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Old 04-14-2017, 08:31 AM
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TK-421 TK-421 is offline
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Join Date: Mar 2017
Location: Japan
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Originally Posted by Mud-puppy View post
Now Thats awesome! I knew it was a big Sport, with rabid afficianados such as yourself, skills and effort unto its own right, but I never gave it much thought to get active in searching for them......I accidentally found one though, a few years back, I was out detecting the High Dunes here in the early Spring....Way the Hell out in No Mans land and eyeballed what looked like a tacklebox half buried in the leaves......So I sat there on the Southern escarpment, opened it up, and read the entries in the GeoCache log book!...

It was very cool how many people had been here before me and located this GeoCache! From all over the Country! World even! I felt a kindred Spirit shared by Hinterland hunters and adventurers!... I had no idea 'Cachers are ranked according to their finds!

This Sport must feed your same interest/skillset to get out and track down Humans?...I can see that...tracking down treasure through the fog of Time is one cool thing!

FWIW, I wrote a nice little encouraging post in the GeoCache logbook Titled: "More Fun Than a Barrel of Monkeys!"
Haha, I'm only highly ranked because geocaching is still relatively unknown in Japan. A high percentage of Japanese cachers are expats like me. The local cacher population is growing though.

In Germany I would be considered practically a beginner. It's possibly more popular there than in the US. I was just on Japan's tiny southernmost island (Hateruma) last week finding the country's southernmost cache (of course we keep track of things like that) and, sure enough, its logbook showed that German geocachers had visited the day before! I'm surprised we didn't run into them. I've run into random German geocachers in more than a dozen other countries. They go everywhere. I think the best was running into some at a cache on the very northern coast of Norway-- they were guys I'd met a couple years before in Finland. Crazy!

It does give you a strong common bond with fellow cachers no matter where they're from. You accidentally meet while looking for the same cache and, doesn't matter if you don't speak the same language, you're instantly friends. While backpacking and caching I've been given lodging and transport from dozens people based solely on the fact that I was a fellow geocacher visiting their home territory.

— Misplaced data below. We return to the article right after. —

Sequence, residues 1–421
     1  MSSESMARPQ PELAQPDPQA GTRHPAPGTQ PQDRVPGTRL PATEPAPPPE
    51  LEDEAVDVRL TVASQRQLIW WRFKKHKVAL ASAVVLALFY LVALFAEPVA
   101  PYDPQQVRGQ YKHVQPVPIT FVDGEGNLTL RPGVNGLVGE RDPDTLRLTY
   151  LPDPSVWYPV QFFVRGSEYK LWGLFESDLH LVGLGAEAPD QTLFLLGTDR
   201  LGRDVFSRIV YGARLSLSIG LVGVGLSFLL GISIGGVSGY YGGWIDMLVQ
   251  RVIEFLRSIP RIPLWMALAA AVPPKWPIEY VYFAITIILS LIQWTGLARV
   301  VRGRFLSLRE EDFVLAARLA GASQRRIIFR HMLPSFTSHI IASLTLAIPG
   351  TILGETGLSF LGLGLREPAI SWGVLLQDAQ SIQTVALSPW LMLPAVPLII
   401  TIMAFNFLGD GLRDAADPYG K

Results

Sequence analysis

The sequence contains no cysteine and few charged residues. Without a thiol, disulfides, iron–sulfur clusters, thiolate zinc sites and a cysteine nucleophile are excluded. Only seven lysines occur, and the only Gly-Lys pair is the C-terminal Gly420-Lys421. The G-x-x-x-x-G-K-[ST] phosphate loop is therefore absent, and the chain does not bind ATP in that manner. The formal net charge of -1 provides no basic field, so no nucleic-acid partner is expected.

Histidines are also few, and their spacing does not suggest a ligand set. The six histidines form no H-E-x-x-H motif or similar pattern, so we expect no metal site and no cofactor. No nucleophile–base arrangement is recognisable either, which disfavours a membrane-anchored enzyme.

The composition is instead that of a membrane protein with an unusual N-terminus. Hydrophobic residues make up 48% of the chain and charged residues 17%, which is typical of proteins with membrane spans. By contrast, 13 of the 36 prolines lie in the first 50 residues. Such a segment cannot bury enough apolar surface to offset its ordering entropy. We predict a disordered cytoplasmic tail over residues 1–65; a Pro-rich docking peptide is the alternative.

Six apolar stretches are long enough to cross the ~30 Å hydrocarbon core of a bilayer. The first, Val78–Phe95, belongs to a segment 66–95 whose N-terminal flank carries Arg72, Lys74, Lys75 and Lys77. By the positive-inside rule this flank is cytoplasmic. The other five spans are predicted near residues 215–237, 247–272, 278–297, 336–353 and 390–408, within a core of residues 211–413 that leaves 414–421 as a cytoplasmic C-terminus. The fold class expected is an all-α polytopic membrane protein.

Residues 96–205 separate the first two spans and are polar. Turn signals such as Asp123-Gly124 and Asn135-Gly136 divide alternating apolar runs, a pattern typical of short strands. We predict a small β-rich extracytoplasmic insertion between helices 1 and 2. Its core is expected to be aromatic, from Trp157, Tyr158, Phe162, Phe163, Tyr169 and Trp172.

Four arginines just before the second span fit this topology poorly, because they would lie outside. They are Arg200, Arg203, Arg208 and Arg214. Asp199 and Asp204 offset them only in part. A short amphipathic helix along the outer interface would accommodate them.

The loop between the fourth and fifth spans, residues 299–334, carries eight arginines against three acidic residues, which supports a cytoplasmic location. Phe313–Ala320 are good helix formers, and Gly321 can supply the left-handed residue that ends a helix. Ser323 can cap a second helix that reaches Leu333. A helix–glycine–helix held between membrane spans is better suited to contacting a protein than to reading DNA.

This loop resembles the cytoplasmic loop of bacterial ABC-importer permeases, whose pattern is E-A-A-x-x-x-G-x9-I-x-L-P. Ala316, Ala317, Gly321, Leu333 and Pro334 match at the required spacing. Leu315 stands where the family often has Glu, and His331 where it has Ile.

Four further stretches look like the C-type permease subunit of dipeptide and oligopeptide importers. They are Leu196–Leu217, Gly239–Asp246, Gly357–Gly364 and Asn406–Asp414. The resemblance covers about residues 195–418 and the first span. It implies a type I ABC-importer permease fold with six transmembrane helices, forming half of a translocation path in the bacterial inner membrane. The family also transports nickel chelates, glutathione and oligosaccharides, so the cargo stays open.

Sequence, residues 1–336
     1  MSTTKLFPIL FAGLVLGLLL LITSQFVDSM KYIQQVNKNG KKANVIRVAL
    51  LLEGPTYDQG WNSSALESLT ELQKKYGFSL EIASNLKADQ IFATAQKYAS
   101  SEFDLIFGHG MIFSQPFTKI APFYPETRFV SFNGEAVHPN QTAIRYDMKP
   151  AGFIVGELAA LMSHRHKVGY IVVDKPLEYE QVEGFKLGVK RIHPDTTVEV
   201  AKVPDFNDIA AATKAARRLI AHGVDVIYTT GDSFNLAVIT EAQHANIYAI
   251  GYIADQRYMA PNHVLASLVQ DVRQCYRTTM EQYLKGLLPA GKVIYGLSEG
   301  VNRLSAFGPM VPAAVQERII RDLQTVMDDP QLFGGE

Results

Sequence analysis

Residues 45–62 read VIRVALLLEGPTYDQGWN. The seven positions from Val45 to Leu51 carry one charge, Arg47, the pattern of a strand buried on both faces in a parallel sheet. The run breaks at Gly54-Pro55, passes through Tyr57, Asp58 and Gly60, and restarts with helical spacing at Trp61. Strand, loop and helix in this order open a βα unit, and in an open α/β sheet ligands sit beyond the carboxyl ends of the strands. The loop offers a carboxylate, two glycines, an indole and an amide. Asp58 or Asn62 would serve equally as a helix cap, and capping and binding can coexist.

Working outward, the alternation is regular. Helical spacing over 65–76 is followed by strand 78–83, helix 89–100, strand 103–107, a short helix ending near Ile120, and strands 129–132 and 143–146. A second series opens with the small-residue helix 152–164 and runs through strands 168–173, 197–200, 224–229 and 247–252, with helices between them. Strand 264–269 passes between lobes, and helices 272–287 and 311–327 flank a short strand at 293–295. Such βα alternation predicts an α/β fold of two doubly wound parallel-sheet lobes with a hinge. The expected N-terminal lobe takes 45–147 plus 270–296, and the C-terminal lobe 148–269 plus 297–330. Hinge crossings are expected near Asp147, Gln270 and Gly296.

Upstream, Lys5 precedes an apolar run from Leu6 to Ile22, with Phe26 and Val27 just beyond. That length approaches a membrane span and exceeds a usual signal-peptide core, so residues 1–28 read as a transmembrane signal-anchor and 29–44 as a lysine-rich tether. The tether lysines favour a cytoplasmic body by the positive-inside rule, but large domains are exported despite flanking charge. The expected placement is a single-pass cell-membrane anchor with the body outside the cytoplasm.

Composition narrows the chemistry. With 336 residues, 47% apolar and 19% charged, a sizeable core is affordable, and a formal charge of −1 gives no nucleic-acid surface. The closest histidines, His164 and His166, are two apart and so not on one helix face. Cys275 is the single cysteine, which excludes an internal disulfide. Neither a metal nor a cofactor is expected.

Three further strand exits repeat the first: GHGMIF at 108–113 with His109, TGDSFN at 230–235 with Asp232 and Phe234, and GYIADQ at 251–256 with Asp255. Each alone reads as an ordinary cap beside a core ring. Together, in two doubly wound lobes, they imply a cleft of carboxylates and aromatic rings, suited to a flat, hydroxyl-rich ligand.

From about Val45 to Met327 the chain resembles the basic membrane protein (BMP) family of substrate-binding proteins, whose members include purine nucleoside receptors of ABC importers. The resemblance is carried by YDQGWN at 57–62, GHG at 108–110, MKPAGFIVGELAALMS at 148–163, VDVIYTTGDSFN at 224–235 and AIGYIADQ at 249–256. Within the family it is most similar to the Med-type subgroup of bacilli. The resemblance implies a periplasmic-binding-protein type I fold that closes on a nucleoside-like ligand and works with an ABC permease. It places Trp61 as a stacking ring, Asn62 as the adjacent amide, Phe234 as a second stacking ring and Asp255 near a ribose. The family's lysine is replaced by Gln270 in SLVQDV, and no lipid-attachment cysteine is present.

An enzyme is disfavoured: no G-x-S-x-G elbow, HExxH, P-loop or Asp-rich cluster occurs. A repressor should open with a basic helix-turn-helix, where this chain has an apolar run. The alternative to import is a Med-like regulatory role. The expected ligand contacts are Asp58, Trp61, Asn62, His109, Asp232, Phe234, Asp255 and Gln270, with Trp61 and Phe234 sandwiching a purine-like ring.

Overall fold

Yeah, MDing and Caching definitely complement each other. Both require patience, persistence, planning, reasonably good weather, the willpower to get off the couch, and often a lot of luck. They also both make you look like a bit of a weirdo.

I feel like MDing is more under your own control-- you choose which locations you target and when and how you want to approach them. In geocaching you're kind of at the mercy of your fellow cache-hiders. I went looking for a maximum D/T (difficulty/terrain) geocache that was designed to re-create a US military jungle orienteering exercise. Spent a full day, dawn till dusk, traversing the wildest parts of Oki's jungle on foot. It was intense! But we found it in the end (shortly after finding some wild boar!)!

That's great that you wrote in the logbook! We kind of love it when muggles (non-geocachers, of course) do that and properly re-hide it. We don't love it when they take it home with them, or steal the geocoins out of it, or call the bomb-squad on it. All of which definitely happen.




Originally Posted by nevets2968 View post
I'd like to try geocaching....now to find a super cheap handheld gps.
When I started geocaching that's what I did, but now you really only need a smartphone with the geocaching app. Works nearly as well as a gps unit and makes the game accessible to maaaaany more people.

If you do get one of the really cheap handheld units you have to input geocache coordinates manually and either print out or write down the geocache information. I did that for my first 500 or so geocaches until a buddy of mine upgraded and gave me his older (but vastly better than mine) unit. Mid to high level units are able to download and store large amounts of cache data (not just location but difficulty, terrain, hints, logs, all of it).
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